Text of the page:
Sunday, May 4, 2008

Washington State Route 7

On Sunday, May 4, 2008, we drove the length of Washington State Highway 7, from Morton to Tacoma.

RCW 47.17.030
State route No. 7
A state highway to be known as state route number 7 is established as follows:

Beginning at a junction with state route number 12 in the vicinity of Morton, thence northerly to a junction with state route number 706 at Elbe; also

From that junction with state route number 706 at Elbe, thence northerly to a junction with state route number 5 at Tacoma.

SR 7 @ US 12
A beautiful sunny day in Morton, it was. Here we are, parked barely off US 12 at the southern end of SR 7. The first gas station on the left sells chicken gizzards, but they were out today. Hopefully they'll have some in August when we drive 12. . . . Chunlin likes them, you see.

SR 7 @ SR 508
At the north end of Morton's downtown, we come across the east end of SR 508. We'll maintain our Tacoma-bound heading, however, and skip Onalaska for this trip.

SR 7 @ SR 706
North through Lewis County, the highway leads us to the bridge over the Nisqually River, which disgorges one in Pierce County at the junction with SR 706. We had a stop sign. Drivers coming down 706 from Mt. Rainier (and those heading south on 7 and continuing up 706) do not have to stop or swerve.

SR 7 @ SR 161
After a very curvy nine miles, we arrive at the junction with SR 161. It's the only state highway to Eatonville, but it's not the only road to Eatonville. I must remember that if there is ever again (like last year) an automobile collision on this windy road that blocks traffic in both directions for miles.

SR 7 @ SR 702
The road straightens out. Near Tanwax, SR 702.

SR 7 @ SR 507
After a bend or two, the junction with SR 507 just south of Spanaway. Highway 7 through Spanaway is a lot like 99 in North Seattle, except much cleaner and without the overhead powerlines.

SR 7 @ SR 512
Due north five miles is the junction with SR 512. Welcome to Tacoma.

SR 7 @ I-5
Four more miles due north, Highway 7 takes a right and then has a junction with the freeway yet to be built for Highway 7. Less than a mile down the hill, 7 has a junction with I-5. This is the end of the line.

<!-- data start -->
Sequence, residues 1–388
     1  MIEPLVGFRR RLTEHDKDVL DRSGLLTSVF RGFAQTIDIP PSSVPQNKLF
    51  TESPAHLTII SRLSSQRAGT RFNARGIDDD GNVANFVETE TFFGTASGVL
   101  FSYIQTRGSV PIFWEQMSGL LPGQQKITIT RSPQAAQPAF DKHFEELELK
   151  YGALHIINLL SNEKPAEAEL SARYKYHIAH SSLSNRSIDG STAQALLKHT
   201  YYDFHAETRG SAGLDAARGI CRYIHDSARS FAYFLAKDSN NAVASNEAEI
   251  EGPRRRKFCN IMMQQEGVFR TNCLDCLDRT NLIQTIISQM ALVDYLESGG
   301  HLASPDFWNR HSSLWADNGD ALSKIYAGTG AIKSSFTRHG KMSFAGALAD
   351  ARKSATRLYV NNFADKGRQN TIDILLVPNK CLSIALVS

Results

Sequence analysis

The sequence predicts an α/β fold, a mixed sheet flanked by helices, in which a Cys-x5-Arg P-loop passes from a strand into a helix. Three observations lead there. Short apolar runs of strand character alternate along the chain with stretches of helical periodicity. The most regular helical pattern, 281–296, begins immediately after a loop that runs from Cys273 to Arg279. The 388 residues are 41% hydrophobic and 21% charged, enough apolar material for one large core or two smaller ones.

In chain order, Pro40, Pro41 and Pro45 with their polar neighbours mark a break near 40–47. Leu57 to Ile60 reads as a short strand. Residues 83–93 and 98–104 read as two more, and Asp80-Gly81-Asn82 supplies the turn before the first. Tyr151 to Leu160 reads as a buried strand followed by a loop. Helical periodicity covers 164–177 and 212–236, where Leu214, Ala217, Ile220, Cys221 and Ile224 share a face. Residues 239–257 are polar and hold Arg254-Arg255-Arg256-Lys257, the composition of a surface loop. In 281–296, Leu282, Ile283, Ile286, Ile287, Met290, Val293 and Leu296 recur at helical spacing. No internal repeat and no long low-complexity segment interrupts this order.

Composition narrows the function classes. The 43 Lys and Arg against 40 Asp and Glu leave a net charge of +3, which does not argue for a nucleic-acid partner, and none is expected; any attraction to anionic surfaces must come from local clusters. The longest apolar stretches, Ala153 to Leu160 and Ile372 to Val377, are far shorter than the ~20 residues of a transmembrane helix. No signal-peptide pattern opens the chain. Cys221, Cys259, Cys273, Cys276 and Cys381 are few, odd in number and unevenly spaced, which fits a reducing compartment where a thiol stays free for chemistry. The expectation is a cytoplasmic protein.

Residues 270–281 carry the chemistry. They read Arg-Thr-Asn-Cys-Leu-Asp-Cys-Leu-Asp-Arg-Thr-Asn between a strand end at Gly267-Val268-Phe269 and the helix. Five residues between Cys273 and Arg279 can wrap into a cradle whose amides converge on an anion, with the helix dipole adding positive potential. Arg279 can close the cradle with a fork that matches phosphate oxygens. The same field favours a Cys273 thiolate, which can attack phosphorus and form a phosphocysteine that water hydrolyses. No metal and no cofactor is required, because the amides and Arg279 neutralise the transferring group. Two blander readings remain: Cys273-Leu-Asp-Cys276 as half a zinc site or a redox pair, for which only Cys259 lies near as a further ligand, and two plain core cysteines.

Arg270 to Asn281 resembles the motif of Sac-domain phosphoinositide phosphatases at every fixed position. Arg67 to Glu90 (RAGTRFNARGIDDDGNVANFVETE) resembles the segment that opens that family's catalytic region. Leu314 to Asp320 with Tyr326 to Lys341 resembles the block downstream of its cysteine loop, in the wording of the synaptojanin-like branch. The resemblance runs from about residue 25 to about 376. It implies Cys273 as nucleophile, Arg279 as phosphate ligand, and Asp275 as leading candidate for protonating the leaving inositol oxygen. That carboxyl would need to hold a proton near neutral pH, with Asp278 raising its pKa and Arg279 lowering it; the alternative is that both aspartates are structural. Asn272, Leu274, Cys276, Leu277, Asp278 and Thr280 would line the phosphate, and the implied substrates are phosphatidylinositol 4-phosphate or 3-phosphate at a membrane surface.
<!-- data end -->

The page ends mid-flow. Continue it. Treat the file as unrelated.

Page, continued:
SR 7 @ I-705
Well, not quite. This is the end of the line. In the middle of the I-5 interchange, SR 7 turns into I-705 (the shortest interstate in the state).

And now Highway 7 is complete. Ah. . . Tacoma.


Pedicularis said...

The fine print on the sign in the last photo appears to say, "End 7 800 feet". What was in 800 feet? The end of the on-ramp onto 705?

Pedicularis said...

I almost always take the Alder Cutoff Road from Elbe to Eatonville, because traffic is so slow through those turns by La Grande.

Sotosoroto said...

Good eye, Ped. I didn't notice the fine print.

800' after the sign would be where the road crosses directly underneath I-5, which would be the natural place to change from 7 to 705. It seemed odd to me that it changed south of that.

Pedicularis said...

If you carry out your plan, have you considered which state highway will result in the most miles driven to follow the highway? Hwy. 5 is a bit over 277 miles (Yahoo maps for Vancouver to Blaine). I think the answer depends on how you want to count ferry rides and how you want to count driving on other highways to connect missing segments. From Yahoo maps, I get 432 miles for Hwy. 12 from Aberdeen to Clarkston, and 437 miles for Hwy. 20 from Fairmont to Newport (which includes a 5.6-mile ferry ride. Can you think of a longer one?